All of these aspects come together for a fantastic UFC 5 gameplay experience that's only amplified by the best presentation and visuals in franchise history. Taking full advantage of next gen capabilities, UFC 5 looks crisper and cleaner than any other installment and really brings the big fight feel when it's appropriate.
If you quite simply just wanna jump into the action right away, Fight Now and Fight Contracts are a great way to continue trying different fighters and styles across the UFC 5 roster. There's also going to be a new Fight Week mode debuting the week of November 6 (ahead of Jon Jones vs. Stipe Miocic at UFC 295) where you'll able to make predictions and participate in special challenges and contracts themed around the upcoming event.
Single Player Career Mode vs. Online Career Mode
The place you're most likely to spend the bulk of your UFC 5 time is Career Mode, but there are two different ways to do that this year. For players who prefer an experience with some story and the slow grind towards the top, the offline single player Career Mode gets an entirely new tutorial and onboarding system along with a much better interface.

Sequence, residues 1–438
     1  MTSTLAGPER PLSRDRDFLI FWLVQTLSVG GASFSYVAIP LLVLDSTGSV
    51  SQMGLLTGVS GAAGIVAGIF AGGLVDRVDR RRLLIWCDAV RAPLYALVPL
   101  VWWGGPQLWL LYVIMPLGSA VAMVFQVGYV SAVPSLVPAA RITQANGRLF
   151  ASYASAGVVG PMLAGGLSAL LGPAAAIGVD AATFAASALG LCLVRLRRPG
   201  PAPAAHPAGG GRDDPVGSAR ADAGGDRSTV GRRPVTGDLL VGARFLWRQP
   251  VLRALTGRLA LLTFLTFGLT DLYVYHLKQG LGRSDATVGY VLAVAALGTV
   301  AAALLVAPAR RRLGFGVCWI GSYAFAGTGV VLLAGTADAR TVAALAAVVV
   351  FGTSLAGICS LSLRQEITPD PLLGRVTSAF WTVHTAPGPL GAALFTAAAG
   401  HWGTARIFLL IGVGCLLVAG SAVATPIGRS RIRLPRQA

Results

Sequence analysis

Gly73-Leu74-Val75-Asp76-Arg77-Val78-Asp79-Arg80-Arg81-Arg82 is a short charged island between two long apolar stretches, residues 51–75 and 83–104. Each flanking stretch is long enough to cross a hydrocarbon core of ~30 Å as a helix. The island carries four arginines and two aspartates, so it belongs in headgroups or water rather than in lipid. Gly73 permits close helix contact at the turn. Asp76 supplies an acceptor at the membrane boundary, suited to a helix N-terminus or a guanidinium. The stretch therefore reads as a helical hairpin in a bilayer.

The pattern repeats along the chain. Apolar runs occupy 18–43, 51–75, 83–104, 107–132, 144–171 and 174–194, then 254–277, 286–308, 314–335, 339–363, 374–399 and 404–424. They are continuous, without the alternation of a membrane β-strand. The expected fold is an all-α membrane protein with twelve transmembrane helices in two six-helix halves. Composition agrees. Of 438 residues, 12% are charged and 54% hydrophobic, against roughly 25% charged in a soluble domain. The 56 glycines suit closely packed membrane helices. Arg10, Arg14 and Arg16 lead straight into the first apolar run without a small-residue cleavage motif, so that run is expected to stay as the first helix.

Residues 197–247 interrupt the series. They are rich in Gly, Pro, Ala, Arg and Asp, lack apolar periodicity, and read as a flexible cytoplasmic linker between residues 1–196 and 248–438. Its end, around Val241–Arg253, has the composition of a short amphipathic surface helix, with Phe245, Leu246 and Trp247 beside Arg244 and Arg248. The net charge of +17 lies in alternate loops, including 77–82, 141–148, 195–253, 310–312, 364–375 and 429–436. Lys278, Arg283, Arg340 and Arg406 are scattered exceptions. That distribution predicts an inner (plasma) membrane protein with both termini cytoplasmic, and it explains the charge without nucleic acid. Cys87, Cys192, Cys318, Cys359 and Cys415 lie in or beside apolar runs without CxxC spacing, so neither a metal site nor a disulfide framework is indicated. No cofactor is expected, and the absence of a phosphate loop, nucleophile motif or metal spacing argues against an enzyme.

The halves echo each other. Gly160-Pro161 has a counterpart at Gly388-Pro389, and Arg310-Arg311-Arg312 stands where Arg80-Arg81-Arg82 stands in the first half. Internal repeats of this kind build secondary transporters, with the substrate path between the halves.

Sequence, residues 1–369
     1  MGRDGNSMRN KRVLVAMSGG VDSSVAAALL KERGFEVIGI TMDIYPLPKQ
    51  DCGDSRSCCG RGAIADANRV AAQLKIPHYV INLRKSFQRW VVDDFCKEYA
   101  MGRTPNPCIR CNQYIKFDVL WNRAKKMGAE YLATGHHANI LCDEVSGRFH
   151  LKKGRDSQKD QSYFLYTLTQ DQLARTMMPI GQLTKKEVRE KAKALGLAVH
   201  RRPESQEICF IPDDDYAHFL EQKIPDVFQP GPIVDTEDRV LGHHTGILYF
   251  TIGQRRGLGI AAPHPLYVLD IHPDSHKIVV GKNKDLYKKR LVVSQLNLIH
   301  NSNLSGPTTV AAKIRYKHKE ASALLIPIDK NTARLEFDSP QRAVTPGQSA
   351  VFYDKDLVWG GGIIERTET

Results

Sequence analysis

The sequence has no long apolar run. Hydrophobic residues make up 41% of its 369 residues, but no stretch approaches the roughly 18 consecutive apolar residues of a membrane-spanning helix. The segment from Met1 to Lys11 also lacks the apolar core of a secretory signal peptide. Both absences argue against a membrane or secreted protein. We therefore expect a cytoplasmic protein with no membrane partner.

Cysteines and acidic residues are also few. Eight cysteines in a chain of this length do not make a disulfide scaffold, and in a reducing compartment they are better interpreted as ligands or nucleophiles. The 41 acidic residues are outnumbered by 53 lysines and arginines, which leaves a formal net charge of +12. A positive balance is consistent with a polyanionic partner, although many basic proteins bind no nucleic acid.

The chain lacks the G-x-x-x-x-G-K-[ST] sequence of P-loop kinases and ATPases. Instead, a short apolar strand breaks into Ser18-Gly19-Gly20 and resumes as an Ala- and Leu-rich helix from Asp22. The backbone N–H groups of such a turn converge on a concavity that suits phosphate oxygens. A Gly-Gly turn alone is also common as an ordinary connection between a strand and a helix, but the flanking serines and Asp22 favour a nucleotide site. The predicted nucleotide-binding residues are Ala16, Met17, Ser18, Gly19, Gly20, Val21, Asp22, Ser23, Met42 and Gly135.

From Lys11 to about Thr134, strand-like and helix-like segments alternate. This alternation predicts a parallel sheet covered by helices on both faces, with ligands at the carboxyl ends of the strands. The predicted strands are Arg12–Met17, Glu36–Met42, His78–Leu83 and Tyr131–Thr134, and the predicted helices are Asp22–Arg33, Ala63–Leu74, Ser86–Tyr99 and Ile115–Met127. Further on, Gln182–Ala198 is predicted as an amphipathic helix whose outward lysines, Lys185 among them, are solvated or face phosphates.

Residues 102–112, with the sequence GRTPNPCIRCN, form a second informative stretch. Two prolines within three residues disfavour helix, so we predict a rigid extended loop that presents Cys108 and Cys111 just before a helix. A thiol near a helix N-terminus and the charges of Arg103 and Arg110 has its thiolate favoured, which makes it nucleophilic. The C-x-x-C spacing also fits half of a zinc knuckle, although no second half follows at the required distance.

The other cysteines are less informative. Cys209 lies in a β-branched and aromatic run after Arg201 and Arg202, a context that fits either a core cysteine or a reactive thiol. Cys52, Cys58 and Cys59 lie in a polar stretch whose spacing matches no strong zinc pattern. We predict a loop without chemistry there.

The story in UFC 5 isn't particularly complex, but it does have new falvor this year as former UFC Flyweight Champion Valentina Shevchenko joins with longtime franchise character Coach Davis as the primary characters with speaking roles that you'll interact with. You'll do a mix of several tasks during the training camp between each fight including making connections with other fighters to learn their moves, promoting your next fight to build the hype, studying tape to learn about your next opponent, or doing sparring sessions which you now have the option to simulate (though you'll miss out on some Evolution Points that way).
One thing that became clear after a few stints in Career Mode is that changing the difficulty and game style will massively alter your experience. If you go with the Stand and Bang or Knockout, especially on lower difficulties, you're likely to find yourself just blasting through opponents. If you want to focus on striking and hitting unique exciting knockouts, these two game styles are ideal. For players that want something a bit more in line with all the different flavors UFC 5 has to offer, Competetive (the default game style) and the ultra-realistic Simulation option are the ways to go.